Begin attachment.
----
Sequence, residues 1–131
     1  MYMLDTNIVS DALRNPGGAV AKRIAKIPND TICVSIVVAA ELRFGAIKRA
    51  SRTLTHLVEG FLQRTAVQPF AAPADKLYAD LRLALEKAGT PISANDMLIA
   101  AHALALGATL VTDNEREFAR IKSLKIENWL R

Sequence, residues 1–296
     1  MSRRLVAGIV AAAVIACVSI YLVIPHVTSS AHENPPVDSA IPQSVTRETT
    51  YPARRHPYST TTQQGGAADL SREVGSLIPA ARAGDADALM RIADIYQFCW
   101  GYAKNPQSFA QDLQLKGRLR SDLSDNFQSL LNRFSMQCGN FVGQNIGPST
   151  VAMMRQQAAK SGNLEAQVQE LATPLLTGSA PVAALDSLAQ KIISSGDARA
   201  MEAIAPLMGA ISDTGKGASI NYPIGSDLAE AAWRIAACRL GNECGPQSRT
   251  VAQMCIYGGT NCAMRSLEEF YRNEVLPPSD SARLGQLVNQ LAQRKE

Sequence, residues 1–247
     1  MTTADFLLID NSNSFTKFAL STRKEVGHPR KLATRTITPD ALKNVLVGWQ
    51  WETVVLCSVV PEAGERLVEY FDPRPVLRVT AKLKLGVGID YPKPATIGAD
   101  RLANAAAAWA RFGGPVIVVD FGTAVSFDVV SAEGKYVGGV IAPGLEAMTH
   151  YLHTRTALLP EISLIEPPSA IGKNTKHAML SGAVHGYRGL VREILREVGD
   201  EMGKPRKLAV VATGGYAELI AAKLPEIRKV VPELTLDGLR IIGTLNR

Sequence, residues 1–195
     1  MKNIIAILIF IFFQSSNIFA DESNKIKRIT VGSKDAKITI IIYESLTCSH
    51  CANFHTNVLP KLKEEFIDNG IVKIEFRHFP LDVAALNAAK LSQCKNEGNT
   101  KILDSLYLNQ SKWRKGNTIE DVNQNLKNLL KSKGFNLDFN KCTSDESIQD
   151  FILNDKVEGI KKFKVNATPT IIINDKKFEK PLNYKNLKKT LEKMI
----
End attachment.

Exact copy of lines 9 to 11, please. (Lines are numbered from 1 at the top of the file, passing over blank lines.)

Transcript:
   151  VAMMRQQAAK SGNLEAQVQE LATPLLTGSA PVAALDSLAQ KIISSGDARA
   201  MEAIAPLMGA ISDTGKGASI NYPIGSDLAE AAWRIAACRL GNECGPQSRT
   251  VAQMCIYGGT NCAMRSLEEF YRNEVLPPSD SARLGQLVNQ LAQRKE